Shlomo Carlebach, Neshama’s father, was born in Berlin, Germany in 1925. He grew up near Vienna with his twin brother, Eli Chaim, his sister, Shulamith where his father, Rabbi Naphtali, was the chief Rabbi. In 1939, as the war began to escalate and the Nazi’s grip tightened, Shlomo and his family miraculously escaped to New York where he spent time learning in many different Yeshivas. Even as a young boy, Shlomo’s vision and clarity of thought always set him apart from his peers as being amongst the most brilliant of the scholars around him. Through that vision, courage, and a deep love of all people, Shlomo took on a mission and set off on a path that many didn’t believe in.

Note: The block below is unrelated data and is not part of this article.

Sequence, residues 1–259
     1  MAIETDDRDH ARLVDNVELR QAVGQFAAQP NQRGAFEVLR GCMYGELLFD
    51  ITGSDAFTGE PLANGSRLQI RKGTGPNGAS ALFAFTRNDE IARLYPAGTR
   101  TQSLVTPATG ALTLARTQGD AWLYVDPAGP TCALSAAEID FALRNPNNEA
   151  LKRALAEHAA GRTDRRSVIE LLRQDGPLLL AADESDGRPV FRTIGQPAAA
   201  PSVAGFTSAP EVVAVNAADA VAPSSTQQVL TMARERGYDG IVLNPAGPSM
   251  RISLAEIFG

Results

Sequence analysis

Shlomo believed that to uplift, inspire, and bring joy to every human being was truly his reason for existing. Through his words of Torah, his music and his stories, Shlomo touched the hearts and souls of all who were blessed to hear him. He sought to remind people that they are never alone, that there is one G-d who loves them, and that every person has a unique and important mission to discover for themselves. He was able to mend the spirits and lives of the most broken, distraught people worldwide; people of all faiths and cultures. Much of Shlomo’s life was spent traveling the world where he would sing with the poor, the lost and the lonely, and always swear he learned from them. Shlomo said that if we could see the best in each other and appreciate our own innate beauty, there would be no heartache in the world.

Neshama began to sing his songs thirty days after he left the world and is proud to have carried his legacy and presence, all these years. Since his passing in 1994, thousands and thousands of people continue to be uplifted by these magical melodies.

May Shlomo’s music and memory continue to inspire us all to open our hearts to each other and bring light and love into every dark corner.